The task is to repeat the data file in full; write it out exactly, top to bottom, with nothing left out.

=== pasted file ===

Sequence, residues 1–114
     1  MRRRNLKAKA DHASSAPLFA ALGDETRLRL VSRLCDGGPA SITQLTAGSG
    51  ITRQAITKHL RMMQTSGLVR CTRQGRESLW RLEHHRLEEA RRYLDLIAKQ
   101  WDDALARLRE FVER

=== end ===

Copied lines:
Sequence, residues 1–114
     1  MRRRNLKAKA DHASSAPLFA ALGDETRLRL VSRLCDGGPA SITQLTAGSG
    51  ITRQAITKHL RMMQTSGLVR CTRQGRESLW RLEHHRLEEA RRYLDLIAKQ
   101  WDDALARLRE FVER